A witness told the International Criminal Court (ICC) that in the run-up to the 2007 election, William Samoei Ruto was simply declared the spokesman of the Kalenjin and not the “king” of the community as a previous witness had stated.
Herve Maupeu, who is the 11th witness to testify in the case against Ruto and former radio journalist Joshua arap Sang, told the ICC on Tuesday that the declaration of Ruto as Kalenjin spokesman was made in area of Eldama Ravine in the Rift Valley region. Maupeu said that more than a dozen members of parliament, a son of former President Daniel arap Moi, and other Kalenjin leaders attended the meeting.
In the lead up to the 2007 election Ruto was the Member of Parliament for the Eldoret North constituency and a key leader of the Orange Democratic Movement (ODM). Today, he is Kenya’s deputy president.
Maupeu is an associate professor of political science at the University of Pau and the Adour Region, which is located in south-western France. Between 2000 and 2004 he served as deputy director of the French Institute for Research in Africa in Nairobi. The institute is affiliated to the Foreign Affairs Ministry in France. Maupeu is the first in the trial of Ruto and Sang to testify in open court without any protective measures. He is testifying in French.
The prosecution have presented Maupeu as an expert witness. The judges of Trial Chamber V(a) will determine whether he will be admitted as an expert witness after the prosecution and defense have questioned him. The judges will also determine whether to allow Maupeu’s report as an expert to be entered as evidence together with any other supporting documents.
Maupeu told the court that before Ruto was chosen as Kalenjin spokesman, former President Daniel arap Moi occupied that position. Moi was president of Kenya for 24 years between 1978 and 2002. Maupeu said that Moi was chosen as the Kalenjin spokesman in the 1950s. He also said that Moi was one of the people who created the Kalenjin identity out of what are now considered the sub-groups of the Kalenjin ethnic group such as the Nandi, Kipsigis, Marakwet, and Pokot.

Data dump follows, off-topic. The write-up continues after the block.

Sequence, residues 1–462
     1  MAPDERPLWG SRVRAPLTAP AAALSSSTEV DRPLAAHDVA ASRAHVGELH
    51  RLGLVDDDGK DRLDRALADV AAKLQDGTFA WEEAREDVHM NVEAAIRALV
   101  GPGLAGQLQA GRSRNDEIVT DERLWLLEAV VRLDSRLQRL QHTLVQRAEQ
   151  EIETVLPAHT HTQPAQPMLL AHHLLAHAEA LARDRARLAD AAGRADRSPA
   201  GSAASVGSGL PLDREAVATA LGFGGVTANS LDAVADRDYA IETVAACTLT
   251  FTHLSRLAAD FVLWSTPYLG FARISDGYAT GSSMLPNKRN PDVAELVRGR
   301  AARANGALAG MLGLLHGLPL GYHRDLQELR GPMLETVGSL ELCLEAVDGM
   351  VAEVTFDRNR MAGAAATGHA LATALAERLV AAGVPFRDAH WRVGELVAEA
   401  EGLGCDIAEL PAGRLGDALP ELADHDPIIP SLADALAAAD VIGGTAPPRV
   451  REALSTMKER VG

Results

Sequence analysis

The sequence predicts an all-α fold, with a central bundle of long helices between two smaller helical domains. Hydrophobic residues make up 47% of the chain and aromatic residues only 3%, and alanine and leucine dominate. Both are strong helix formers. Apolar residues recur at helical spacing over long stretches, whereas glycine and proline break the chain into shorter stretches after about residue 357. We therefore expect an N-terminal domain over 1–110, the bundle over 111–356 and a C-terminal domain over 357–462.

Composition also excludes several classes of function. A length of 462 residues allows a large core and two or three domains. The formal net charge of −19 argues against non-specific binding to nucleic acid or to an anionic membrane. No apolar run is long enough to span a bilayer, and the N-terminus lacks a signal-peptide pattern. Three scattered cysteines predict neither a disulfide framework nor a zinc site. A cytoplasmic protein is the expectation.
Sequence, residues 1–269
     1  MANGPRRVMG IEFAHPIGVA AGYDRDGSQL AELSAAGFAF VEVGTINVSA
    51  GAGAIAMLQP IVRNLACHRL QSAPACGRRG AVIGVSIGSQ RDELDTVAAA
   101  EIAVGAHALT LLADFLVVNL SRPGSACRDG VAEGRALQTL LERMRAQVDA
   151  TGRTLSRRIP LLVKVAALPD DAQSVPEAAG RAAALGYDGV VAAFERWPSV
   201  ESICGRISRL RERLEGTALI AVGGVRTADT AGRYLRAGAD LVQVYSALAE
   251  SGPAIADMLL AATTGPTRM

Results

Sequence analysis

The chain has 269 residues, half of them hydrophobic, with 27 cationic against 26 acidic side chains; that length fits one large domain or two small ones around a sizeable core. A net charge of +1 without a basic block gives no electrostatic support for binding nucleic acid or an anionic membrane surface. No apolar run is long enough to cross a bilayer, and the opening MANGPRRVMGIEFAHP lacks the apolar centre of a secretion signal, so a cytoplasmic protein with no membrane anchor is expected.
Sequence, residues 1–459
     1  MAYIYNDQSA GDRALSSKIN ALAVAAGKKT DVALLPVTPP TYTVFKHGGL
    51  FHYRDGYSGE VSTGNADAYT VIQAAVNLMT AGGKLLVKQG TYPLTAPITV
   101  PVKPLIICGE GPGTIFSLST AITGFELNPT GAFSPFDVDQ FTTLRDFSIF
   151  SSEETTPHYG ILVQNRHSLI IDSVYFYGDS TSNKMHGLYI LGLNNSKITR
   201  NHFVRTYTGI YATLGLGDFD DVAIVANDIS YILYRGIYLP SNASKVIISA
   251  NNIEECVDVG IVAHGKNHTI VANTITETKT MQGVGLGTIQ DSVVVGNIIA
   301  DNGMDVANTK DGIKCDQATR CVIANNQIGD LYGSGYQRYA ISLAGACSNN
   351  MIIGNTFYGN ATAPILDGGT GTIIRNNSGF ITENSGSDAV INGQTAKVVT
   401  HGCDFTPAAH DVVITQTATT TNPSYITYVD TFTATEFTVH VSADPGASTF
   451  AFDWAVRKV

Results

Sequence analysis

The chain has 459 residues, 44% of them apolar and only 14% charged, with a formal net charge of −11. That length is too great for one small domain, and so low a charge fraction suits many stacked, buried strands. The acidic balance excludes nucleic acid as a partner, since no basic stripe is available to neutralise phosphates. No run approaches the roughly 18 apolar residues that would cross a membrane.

Trial lawyer Lucio Garcia asked him whether a figure who fought against the British during the colonial times, Koitalel Samoei, was the king of the Kalenjin. Maupeu said that Samoei was a prophetic figure, but he was not royalty. Maupeu also said that at the time there was no Kalenjin ethnic group, and Samoei was a leader among the Nandi people.
Last month, Witness 356 told the court that Koitalel Samoei was the first figure to be named king of the Kalenjin, and Ruto was following in his footsteps when he was declared “king” in 2007.
Maupeu told the court on Tuesday that elections in Kenya after the return of multi-party politics in 1991 have always been violent. He said that the elections of 1992, 1997, and 2007 were marked by violence that took an ethnic dimension. Maupeu said that there was violence in the 2002 election, which is widely considered to be one of the most peaceful elections the country had. He said that the violence did not take an ethnic dimension in 2002. Maupeu said much of that violence was between rival militia groups and records show that more than 300 people were killed.
Maupeu said that one of the thing that surprised researchers about the violence in 2008 was the size of the militia groups in the Rift Valley. He said that before 2008, the different militia groups in the region only had scores of members. In 2008, the militia groups had thousands of members.
Maupeu continues his testimony on Wednesday.